Could we see a replay of 1997?
ASIA is still traumatised by the great financial crisis of 1997, when Thailand's devaluation of the baht set off a region-wide collapse in markets. Could it happen here again?
The mere question will strike many as odd, given Asia's rapid growth and progress in strengthening financial systems, improving transparency and the amassing of trillions of dollars of currency reserves.
But Asia now faces three risks that could quickly undo those gains: Federal Reserve tapering, a Chinese crash and an explosion of household debt.
The danger of the Fed pulling too much liquidity out of markets has been well documented. So have China's rising vulnerabilities. Debt, though, deserves far more scrutiny.
As economists survey the scene, Thailand once again tops the worry list. Debt there has risen rapidly, underwriting standards appear loose and non-performing loans are rising.
Thailand has plenty of company in Asia, Oxford Economics warned in a new report.
Financially conservative Singapore has seen credit growth in the last six years exceed that of the United States in the run-up to its 2008 subprime meltdown. Several regions now have private-debt ratios of between 150 per cent and 200 per cent of gross domestic product. They include the higher-income set - Australia, Hong Kong, South Korea and Taiwan - as well as China, Malaysia, Thailand and Vietnam. Even where debt levels are lower, Indonesia and the Philippines, the trajectory is troublesome.
"Debt surges of this kind often end badly," said Oxford economist Adam Slater.
Even more worrisome than the absolute levels of debt, says Frederic Neumann, Hong Kong-based co-head of Asian economic research at HSBC Holdings, is the pace of increase.
For all its rapid growth and buoyant markets, Asia isn't as healthy as it appears on the surface, and might take on even more debt to support growth. As leverage exceeds the peak before the 1997 crash, is a sharp correction on the way?
All this fresh debt leaves Asia highly exposed to financial shocks and economic shifts. Any destabilising event could push Asia back to the brink.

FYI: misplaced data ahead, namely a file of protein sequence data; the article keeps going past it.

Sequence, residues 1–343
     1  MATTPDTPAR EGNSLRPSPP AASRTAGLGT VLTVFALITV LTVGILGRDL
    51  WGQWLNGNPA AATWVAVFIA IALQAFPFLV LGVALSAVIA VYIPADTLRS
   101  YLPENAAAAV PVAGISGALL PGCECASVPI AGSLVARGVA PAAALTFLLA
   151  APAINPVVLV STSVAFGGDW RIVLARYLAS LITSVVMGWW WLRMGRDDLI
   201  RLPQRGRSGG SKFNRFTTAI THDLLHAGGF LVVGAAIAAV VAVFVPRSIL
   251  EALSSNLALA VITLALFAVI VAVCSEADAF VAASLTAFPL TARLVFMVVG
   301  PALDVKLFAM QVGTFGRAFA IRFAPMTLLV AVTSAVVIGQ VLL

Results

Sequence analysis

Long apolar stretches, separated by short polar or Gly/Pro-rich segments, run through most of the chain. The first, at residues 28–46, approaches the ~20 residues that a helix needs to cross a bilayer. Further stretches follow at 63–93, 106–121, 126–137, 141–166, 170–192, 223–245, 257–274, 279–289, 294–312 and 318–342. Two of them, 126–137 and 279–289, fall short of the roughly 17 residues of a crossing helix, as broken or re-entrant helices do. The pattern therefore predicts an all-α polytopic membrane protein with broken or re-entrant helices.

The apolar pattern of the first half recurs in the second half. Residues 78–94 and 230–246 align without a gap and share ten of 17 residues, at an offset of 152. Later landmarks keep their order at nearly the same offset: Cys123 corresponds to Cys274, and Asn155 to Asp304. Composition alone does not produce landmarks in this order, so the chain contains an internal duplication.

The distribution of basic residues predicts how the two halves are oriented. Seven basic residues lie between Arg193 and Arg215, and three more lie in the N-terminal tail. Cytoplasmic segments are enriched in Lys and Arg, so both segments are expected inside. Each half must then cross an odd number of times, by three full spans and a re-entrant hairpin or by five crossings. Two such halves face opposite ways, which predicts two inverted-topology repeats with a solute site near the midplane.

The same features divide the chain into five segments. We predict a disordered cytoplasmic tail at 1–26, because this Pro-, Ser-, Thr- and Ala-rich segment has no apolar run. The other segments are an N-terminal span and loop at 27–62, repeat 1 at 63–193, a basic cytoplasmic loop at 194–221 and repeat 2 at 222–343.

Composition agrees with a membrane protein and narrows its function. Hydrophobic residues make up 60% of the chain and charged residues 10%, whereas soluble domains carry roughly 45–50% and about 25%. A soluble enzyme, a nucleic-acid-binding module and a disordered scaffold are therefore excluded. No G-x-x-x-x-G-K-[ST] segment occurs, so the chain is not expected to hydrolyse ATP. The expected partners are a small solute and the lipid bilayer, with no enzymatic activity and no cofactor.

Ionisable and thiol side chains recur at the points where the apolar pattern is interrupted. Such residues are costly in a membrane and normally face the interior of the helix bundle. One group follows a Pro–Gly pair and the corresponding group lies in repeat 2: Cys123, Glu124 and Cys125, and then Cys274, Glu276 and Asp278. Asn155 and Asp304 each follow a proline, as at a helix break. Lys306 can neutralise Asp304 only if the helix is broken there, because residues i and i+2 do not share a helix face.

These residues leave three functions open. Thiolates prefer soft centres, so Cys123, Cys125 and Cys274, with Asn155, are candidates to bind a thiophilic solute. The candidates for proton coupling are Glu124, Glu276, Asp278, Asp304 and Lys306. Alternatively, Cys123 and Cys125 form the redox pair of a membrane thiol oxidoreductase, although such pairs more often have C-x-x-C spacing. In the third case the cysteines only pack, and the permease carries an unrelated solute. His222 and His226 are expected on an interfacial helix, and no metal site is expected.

What should governments to avoid disaster? "It's all about productivity growth," Neumann said.
"If it slows, profits come under pressure and there's a tendency to leverage up to maintain returns on equity, so anything that boosts productivity growth, really. For example, state-owned enterprise reform, infrastructure, less labour market rigidity and trade liberalisation."
Few of these upgrades are afoot. Certainly not in Thailand, where the generals who seized power on May 22 are too busy consolidating power to restructure the economy. Ambitious talk of change in Hong Kong, South Korea, Malaysia and elsewhere hasn't been met with noticeable action. And the real worry, of course, is China.
China's unprecedented stimulus binge after Wall Street's 2008 reckoning supported growth throughout Asia. Beijing's epic largesse could come back to haunt the region if growth slows sharply, or giant debt defaults slam world markets. The same goes for the Fed's quantitative easing programme.
Ultra-low US rates pulled tidal waves of capital Asia's way, helping to facilitate a surge in private-debt ratios. But Fed policies and China's growth engine risk are now shifting into reverse.
Thailand's implosion was only the most spectacular example of Asia's propensity for boom-and-bust cycles since the late 1990s.
Granted, Asia is still among the world's least-ugly economic regions.
Also, stricter loan-to-income ratios and robust "macroprudential" policies such as taxes and regulations that limit money flows could save Asia from revisiting the depths of 1997.
But, Mr Slater warned, "the risks from the debt build-up look sufficient to call into question the much-touted trend of the rise of the Asian consumer".
That would be bad news for everyone.